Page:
Government ‘on track’ with addressing mental health issues

Dear Editor,
Let me remind our Guyanese people that “All World Health Organization (WHO) Member States ‘are (or should be) committed’ to implementing the Comprehensive Mental Health Action Plan 2013–2030, which aims to improve mental health by strengthening governance, providing community-based care, implementing promotion and prevention strategies, and strengthening information systems, evidence and research.
In this regard, it is good to see that “Mental Health Services (MHS) are expected to be decentralised and expanded across the country over the next few years (in order) to improve access and efficiency.” This gets my loud and echoing ‘amen.’
I actually was quite absorbed as I went through the Government’s “National Mental Health Action Plan and National Suicide Prevention Plan 2024-2030”, which is expected to be a guiding policy document to aid in the achievement of the goals of making these services more accessible.
Here is another reminder, as it shows that Guyana is in line with the WHO mandate. Back in June 2022, the World Health Organization released its largest Review of ‘World Mental Health’ since the turn of the century. The detailed work in this Review provides a blueprint for governments, academics, health professionals, civil society and others with an ambition to support the world in transforming mental health, as it needs that input in a sustained manner.
Editor, this urgency from our leaders is not about being post-COVID reactive, as globally, long before the COVID-19 pandemic, just a small fraction of people in need of MHS had access to effective, affordable, and quality mental health care.
For example, according to the Review, 71% of those with psychosis worldwide did not receive mental health services. While 70% of people with psychosis were reported to be treated in high-income countries, only 12% of people with psychosis received mental health care in low-income countries. For depression, the gaps in service coverage were wide across all countries: even in high-income countries, only one-third of people with depression received formal mental health care, and minimally adequate treatment for depression was estimated to range from 23% in high-income countries to 3% in low- and lower middle-income countries. Pathetic at best!
As I am viewing this ‘lack of parity’ in global services being meted out, I cannot help but be happy that this is exactly what Guyana is bent on preventing. That is why Minister of Health, Dr. Frank Anthony, explained that “…the PPP/C Government has been creating the legislative architecture to facilitate changes in mental health care and suicide prevention… and …one of the main things that they have looked at in the development of this action plan is ‘decentralisation’ of Mental Health Services across the country.”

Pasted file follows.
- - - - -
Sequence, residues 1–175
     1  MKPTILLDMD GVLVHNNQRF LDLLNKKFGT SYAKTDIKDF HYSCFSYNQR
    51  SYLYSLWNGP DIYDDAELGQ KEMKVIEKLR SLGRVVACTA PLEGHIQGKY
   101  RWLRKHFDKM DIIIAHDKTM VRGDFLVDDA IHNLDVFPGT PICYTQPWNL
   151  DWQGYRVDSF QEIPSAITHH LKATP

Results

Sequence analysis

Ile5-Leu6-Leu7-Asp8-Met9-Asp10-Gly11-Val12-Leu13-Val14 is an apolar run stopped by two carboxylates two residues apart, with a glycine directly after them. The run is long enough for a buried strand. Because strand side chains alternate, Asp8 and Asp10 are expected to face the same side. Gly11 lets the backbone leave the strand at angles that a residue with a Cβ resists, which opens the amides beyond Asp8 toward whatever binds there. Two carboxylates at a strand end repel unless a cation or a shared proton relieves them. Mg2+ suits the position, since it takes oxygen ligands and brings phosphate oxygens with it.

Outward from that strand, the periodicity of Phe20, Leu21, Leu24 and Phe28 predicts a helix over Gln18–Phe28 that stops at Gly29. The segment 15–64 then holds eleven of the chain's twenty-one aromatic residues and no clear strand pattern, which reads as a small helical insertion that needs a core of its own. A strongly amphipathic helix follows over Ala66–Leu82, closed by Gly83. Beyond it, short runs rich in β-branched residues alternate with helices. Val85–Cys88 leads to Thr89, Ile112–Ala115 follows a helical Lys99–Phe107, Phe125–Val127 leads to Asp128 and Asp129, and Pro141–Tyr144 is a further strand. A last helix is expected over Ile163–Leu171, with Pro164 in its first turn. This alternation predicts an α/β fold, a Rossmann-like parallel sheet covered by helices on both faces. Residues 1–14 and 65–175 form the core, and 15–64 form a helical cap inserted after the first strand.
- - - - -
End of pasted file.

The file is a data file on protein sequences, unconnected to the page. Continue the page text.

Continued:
Elaborating on this, the Director of the Mental Health Unit at the Ministry of Health, Dr. Timothy Morgan, said, “…this will foster the move of Mental Health Services into communities… as …we are mostly looking at the mental health strategy in terms of addressing mental health issues more holistically; in a more humanistic way, and we are protecting those persons’ human rights and ensuring their dignity.”
On this latter issue, that of ‘protecting those persons’ (with mental health issues) human rights and ensuring their dignity,’ we must bear in mind, and as the Who Review points out, that “Stigma, discrimination and human rights violations against people with mental health conditions are widespread in communities and care systems everywhere; (yet some) 20 countries still criminalize attempted suicide. (although) Across countries, it is the poorest and most disadvantaged in society who are at greatest risk of mental ill-health and who are also the least likely to receive adequate services.”
So, Editor, as the “WHO’s comprehensive Report highlights why and where change is most needed, and how it can best be achieved, it calls on all stakeholders to work together to deepen the value and commitment given to mental health, reshape the environments that influence mental health, and strengthen the systems that care for people’s mental health.”
Guyana scores well here, as “One of the collaborative partners that aided in the drafting of the action plan was the Pan American Health Organization/World Health Organization (PAHO/WHO), which was represented at the recent launch by Assistant Director Dr. Rhonda Sealey-Thomas, who noted that “PAHO is pleased with the work that Guyana has done over the past years to prioritise mental health and strengthen mental health legislation… (applauding) the Government for the progress that the country has made in addressing the mental health challenges of the population through the implementation of several actions.
I, too, am very pleased.

Yours truly,
HB Singh